Objective: To evaluate the effect of oral health education on oral health attitude and behaviours of dental students using the Hiroshima University-Dental Inventory (HU-DBI) and compare the findings with those obtained from medical students.

Methods: This was a comparative cross-sectional study involving final year dental and medical students of the University of Benin. The research tool was a pre-tested modified HU-DBI survey consisting of 22 items,19 of which are primarily associated with oral health behaviour and the remaining 3 related to cigarette smoking habit. Parametric analysis in the form of independent T-test was applied to determine the difference in HU-DBI score of the two groups of students. Cross tabulations were used to report categorical variables and these are presented as counts and percentages. The Chi-square test was applied for comparing responses to the questions among the two groups of students with the level of significance set at p<0.05.Bonferroni's adjustment was applied by dividing the desired critical alpha level (0.05) by the number of tests (22) being performed and the result used as the critical level in this case 0.002.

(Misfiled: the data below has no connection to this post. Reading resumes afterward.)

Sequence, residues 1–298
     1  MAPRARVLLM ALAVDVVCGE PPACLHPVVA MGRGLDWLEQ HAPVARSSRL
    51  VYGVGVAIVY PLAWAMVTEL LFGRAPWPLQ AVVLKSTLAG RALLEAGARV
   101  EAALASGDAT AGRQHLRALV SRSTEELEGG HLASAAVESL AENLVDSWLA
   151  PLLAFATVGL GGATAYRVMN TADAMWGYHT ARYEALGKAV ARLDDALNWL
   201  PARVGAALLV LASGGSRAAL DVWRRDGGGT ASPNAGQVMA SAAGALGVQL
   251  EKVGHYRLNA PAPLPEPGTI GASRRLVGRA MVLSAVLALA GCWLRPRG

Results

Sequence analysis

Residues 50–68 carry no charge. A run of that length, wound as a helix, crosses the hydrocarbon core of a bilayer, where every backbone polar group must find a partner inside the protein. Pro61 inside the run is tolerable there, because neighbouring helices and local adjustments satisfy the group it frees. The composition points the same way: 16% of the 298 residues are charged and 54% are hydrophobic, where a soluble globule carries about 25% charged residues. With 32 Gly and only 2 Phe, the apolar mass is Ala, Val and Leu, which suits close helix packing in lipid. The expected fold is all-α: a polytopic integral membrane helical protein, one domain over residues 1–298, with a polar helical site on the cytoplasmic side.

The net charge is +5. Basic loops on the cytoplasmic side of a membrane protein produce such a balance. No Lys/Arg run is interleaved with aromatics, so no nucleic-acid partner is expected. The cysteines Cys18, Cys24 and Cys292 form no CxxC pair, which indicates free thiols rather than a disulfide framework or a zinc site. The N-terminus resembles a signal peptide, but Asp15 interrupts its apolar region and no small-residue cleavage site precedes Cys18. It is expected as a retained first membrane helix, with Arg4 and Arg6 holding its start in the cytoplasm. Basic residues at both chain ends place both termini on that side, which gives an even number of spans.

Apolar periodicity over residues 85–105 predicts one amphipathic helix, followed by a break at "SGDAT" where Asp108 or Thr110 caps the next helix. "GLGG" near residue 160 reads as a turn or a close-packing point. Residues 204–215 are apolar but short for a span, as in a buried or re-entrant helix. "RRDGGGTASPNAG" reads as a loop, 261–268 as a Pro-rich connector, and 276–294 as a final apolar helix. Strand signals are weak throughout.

Results: The mean HU-DBI score was 5.86±1.93 with the mean HU-DBI score for the dental students being 7.42±1.57 and for the medical students 4.87±1.41. This difference was statistically significant. Dental students have more positive attitudes towards oral health and display health behaviours to a larger extent than medical students.

Conclusion: Studying dentistry exposes dental students to receive oral health related information routinely assisting them in adopting positive oral health behaviour. Therefore, in the overall interest of better health for the populace and inadequate oral health manpower, it is important that the medical curriculum should incorporate structured oral health education